“You can make it, but it’s easier if you don’t have to do it alone.” – Betty Ford
As a family member caring for a loved one with dementia, you know firsthand how challenging it can be. It’s definitely never a role that Alzheimer’s caregivers should try to fill on their own. Yet, many caregivers struggle with seeking the support they need, intensifying stress and leaving minimal room for self-care, a vital aspect for those in caregiving roles.
See if you can relate to these top reasons given by family caregivers for attempting to provide care solo, and why they need to be reconsidered:
Dad would not want another … Read More »
Trusting someone you love to the care of someone else is never easy, particularly for a senior family member. Whether at home or in a facility, you’ll have questions you need answered. You will also want to be ready to advocate for an aging parent to proactively address any potential problems and also to quickly take care of issues that do take place.
For instance, review the following common situations and how to most effectively advocate should they arise with an older adult you love:
The person has dementia. A loved one with Alzheimer’s might not be able to effectively communicate their wishes and needs. As an example, a new caregiver may not realize that Dad wears inserts in his shoes and she may put his shoes on each day without them. Dad may not know how to communicate this … Read More »
Dreaming of that perfect vacation while listening to friends and family share tales of exciting getaways? The desire to travel and escape reality for a little while is universal, but when you are caring for an older loved one, it might seem like an unattainable luxury. However, taking a break is not just possible; it’s crucial for both your well-being and the well-being of your older family member.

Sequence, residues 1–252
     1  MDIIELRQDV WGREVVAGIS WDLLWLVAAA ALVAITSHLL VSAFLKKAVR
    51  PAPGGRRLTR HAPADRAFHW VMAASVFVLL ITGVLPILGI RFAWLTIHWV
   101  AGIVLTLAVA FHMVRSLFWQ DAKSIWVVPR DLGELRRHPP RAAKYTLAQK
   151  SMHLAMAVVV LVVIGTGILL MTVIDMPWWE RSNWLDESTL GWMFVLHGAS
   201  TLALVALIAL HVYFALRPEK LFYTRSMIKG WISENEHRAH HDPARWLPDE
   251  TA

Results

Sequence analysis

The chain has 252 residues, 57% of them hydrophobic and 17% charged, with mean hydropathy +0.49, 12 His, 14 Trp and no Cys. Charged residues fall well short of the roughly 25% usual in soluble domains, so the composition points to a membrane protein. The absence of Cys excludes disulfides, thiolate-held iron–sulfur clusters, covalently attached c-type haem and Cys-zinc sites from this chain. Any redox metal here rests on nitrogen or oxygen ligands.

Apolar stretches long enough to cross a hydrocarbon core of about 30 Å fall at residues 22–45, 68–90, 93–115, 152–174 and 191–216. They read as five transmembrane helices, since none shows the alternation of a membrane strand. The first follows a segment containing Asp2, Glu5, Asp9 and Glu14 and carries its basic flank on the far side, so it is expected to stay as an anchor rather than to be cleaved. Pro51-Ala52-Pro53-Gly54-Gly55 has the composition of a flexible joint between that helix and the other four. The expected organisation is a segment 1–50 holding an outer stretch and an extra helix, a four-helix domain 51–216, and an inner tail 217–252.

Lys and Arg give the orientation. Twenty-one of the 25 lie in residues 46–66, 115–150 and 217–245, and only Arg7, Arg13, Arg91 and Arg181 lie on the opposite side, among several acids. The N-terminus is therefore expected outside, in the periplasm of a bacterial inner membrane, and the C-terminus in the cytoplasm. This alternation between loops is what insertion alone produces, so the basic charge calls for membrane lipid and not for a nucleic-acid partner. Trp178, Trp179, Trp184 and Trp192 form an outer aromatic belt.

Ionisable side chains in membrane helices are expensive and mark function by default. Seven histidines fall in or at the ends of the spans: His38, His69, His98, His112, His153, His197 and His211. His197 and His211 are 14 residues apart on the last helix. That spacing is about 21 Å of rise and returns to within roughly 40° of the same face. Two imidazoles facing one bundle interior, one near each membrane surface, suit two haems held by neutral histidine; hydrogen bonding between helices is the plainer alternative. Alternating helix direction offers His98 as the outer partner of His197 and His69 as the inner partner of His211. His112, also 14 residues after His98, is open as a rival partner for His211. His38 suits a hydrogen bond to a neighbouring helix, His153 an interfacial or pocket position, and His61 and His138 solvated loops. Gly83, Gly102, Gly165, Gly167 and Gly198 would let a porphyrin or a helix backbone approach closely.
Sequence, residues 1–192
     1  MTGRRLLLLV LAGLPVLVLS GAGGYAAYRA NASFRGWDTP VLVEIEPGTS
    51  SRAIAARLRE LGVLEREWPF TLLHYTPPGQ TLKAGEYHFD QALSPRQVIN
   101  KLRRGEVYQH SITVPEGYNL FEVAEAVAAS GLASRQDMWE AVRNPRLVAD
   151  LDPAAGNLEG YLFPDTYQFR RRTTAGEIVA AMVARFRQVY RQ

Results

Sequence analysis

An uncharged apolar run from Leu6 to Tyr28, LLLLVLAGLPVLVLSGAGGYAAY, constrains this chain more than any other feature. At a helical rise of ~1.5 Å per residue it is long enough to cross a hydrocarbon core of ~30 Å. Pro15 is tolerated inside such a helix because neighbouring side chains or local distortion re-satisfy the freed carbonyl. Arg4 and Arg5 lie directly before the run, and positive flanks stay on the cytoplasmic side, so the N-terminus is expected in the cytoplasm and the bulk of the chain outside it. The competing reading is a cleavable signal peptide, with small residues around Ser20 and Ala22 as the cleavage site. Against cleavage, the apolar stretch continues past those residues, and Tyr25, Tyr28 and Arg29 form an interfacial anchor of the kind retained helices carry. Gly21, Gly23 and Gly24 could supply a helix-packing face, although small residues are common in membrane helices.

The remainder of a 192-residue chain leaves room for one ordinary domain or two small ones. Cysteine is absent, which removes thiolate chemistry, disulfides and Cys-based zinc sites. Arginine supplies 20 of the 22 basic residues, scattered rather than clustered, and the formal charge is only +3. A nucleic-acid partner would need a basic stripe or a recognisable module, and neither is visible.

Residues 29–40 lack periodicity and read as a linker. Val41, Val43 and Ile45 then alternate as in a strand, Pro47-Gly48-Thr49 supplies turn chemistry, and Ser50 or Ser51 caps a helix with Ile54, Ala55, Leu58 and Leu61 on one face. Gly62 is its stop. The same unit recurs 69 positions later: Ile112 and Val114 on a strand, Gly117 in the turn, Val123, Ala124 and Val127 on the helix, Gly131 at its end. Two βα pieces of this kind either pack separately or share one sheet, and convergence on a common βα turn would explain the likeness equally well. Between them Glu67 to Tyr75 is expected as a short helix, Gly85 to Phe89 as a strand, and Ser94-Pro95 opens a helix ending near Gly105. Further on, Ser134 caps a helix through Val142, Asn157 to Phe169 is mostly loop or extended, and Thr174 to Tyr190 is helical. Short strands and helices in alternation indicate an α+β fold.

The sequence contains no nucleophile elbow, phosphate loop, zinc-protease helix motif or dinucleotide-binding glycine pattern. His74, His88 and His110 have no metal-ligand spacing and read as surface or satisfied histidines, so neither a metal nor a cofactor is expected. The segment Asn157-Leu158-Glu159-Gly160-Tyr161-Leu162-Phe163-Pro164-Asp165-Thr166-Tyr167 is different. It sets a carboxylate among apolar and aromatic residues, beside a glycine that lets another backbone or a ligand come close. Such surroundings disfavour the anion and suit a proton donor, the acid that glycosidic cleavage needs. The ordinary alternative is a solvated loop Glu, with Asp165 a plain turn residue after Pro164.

Why Taking a Break Matters
Neglecting self-care can lead to burnout and depression, ultimately affecting the quality of care you provide. So how can you step away and know that the individual you’re caring for will remain safe and well while you’re gone?
These tips are a great place to start:
Talk About It. Initiating a conversation with the older adult about your upcoming break is a crucial step. Transparency builds trust … Read More »
Many of today’s older adults grew up during the Great Depression. They lived through a time when the country was cutting corners and pinching pennies. Frugality was embedded in many of them at an early age and quite often remains firmly in place for life.
So what can you do when an older adult refuses to pay for care, even though they clearly are in need of care at home and have the financial ability to pay for the care?
First, empathize. Understand that the person’s perspective is valid and determined by past life experiences. If the older adult seems to be resistant to the idea of spending money for the care they need, remind yourself of the emotions behind the behaviors. An additional layer of difficulty may be in simply accepting the need for care altogether, something that … Read More »
From the moment you started your day until its end, you’ve dedicated yourself entirely to the well-being of an older loved one. Your tasks ranged from assisting with daily activities to managing appointments and household chores, all performed with love and dedication. Yet, the acknowledgment you deserve is often absent, leaving you feeling unappreciated as a caregiver. Left unchecked, this can lead to caregiver burnout or depression.
If you’re experiencing this, know that you’re not alone. Here are some tips to help navigate and address the challenge of feeling unappreciated in your caregiving role.
1. Practice Self-Appreciation:
Acknowledge the importance of the work you’re doing and prioritize self-appreciation. Take a moment each week to reward yourself for a job well done. It … Read More »